My counsellor suggested that I replace my hostility with gratitude, even going so far as to write an unsent thank-you note to my ex. Thank you? Thank you for what? My blood pressure spiked.

She reminded me how my nature as a nurturer meant that I would’ve never walked away from my marriage. It’s simply not in my DNA. To quote Audrey Hepburn, “If I get married, I want to be very married.” In my book, taking vows meant accepting a lifelong gig; it was not fathomable that we would divorce, let alone me instigating a split.

I had to reconcile my relationship values with knowing that my life is much closer to what I always wanted it to be on the other side of divorce. Okay, maybe my world did need to be shaken to the core so that I could grow and redefine myself. But even if my marriage had an expiry date, something cataclysmic still HAD to happen in order for me to admit it was over. And for that alone, my counsellor said, I should thank my ex.

She suggested that every time I feel my anger rising, I should say a quiet thank you instead because it will help me let go. So I do. And it’s opened me up enough to let the light of gratitude in. It’s only a start, but now I can say…

Thank you for revealing the truth about our marriage.

Thank you for teaching me that not all relationships are built to last.

Thank you for helping me to realize that it’s better to become who I want to be instead of trying to fix who I could’ve been, should’ve been or never really was.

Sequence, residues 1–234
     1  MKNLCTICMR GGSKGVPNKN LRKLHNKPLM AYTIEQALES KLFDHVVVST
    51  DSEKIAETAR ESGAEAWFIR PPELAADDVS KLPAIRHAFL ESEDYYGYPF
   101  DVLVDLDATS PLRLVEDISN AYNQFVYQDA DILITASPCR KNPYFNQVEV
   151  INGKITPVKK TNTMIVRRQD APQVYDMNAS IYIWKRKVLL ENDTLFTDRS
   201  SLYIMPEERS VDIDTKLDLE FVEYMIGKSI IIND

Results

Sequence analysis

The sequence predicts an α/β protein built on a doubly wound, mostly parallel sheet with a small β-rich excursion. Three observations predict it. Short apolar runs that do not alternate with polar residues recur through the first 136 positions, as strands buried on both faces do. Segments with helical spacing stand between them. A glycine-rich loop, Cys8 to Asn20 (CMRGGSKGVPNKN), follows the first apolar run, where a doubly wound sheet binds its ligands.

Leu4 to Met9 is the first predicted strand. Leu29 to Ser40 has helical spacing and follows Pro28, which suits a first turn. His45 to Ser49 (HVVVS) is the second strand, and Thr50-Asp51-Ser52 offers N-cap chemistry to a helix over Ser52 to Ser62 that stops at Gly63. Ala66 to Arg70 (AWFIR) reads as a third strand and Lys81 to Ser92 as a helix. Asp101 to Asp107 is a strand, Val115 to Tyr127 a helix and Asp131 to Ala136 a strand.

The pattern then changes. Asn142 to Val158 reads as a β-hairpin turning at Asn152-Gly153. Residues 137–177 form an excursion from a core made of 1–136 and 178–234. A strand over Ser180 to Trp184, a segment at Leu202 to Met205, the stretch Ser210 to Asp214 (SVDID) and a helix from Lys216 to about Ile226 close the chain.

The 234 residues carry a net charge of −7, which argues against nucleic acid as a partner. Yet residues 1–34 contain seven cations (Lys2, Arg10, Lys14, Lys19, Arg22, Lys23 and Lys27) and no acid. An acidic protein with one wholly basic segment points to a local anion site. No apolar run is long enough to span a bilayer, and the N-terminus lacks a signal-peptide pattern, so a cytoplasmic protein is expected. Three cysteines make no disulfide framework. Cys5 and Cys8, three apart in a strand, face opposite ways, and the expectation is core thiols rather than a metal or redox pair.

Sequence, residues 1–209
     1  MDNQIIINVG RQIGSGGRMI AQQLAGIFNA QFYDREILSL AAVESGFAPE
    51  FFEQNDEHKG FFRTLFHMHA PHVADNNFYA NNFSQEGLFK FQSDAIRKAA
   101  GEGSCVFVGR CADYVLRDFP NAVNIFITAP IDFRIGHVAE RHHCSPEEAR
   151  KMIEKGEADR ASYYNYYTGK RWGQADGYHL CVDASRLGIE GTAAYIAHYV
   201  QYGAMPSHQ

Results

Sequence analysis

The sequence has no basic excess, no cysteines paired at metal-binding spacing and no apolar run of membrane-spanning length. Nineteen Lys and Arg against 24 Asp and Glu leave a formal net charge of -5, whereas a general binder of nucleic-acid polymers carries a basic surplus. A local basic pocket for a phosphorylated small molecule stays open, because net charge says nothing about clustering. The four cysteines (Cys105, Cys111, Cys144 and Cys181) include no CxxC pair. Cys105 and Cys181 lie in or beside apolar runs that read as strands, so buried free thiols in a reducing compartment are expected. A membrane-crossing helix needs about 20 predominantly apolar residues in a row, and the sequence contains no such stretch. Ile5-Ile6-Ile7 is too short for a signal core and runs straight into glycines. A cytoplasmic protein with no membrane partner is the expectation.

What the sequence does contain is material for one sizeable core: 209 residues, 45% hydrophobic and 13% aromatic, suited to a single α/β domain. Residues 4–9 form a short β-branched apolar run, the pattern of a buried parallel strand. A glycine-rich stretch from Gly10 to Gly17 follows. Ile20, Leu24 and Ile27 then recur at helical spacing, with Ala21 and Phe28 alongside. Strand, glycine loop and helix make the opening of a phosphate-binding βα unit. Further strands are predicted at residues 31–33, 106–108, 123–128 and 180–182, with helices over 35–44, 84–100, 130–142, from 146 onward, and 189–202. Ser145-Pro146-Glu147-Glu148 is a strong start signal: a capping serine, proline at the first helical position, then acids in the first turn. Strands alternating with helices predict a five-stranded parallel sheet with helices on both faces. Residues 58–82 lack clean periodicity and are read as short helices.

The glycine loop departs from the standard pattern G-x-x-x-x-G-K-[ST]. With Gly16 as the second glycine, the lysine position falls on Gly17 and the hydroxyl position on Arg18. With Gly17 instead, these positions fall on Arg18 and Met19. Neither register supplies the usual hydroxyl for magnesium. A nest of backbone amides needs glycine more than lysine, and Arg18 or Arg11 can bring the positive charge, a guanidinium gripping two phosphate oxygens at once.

Thank you for freeing me so that I could go out and find the love I was meant to have.

Thank you for presenting me with an opportunity to discover that I am so much stronger and resilient than I ever imagined.

The Head and The Heart


“We are never fully prepared for the depth of emotions that losing a loved one brings. If the death is unexpected, it will be a huge shock.  The causes of unexpected deaths are wide and varied, but irrespective of the cause – the fact is that you will not be ready for it. Those that are left behind often feel stunned, and suddenly find themselves living in a surreal world without their loved one.

“At the other end of the spectrum, an expected death brings different emotions. Even though you are prepared for it and have said all that you can say, including your goodbyes, it doesn’t make it any easier. Often the lead up to death  can be excruciatingly painful and stressful to all those involved, so your loved one’s departure could result in an immense feeling of relief.”

(From “Dealing with Death, A Personal Perspective” by Donna Raynel)

If you substitute the word “divorce” for “death” in the above passage from Ms. Raynel’s website Not Alone, you may be able to see how the two life experiences are closely related. Like the newly bereaved, I went into survival mode upon the unexpected death of my marriage. Despite going through the motions and ensuring that our daily routine still continued, I lived on auto pilot those first few months. I did what I had to do so that the kids and I would get by. And to survive the pain.

It wasn’t until I went for a tarot card reading that I realized I may have been productive intellectually, but I was low functioning emotionally. The first card I pulled from the deck was the Three of Swords: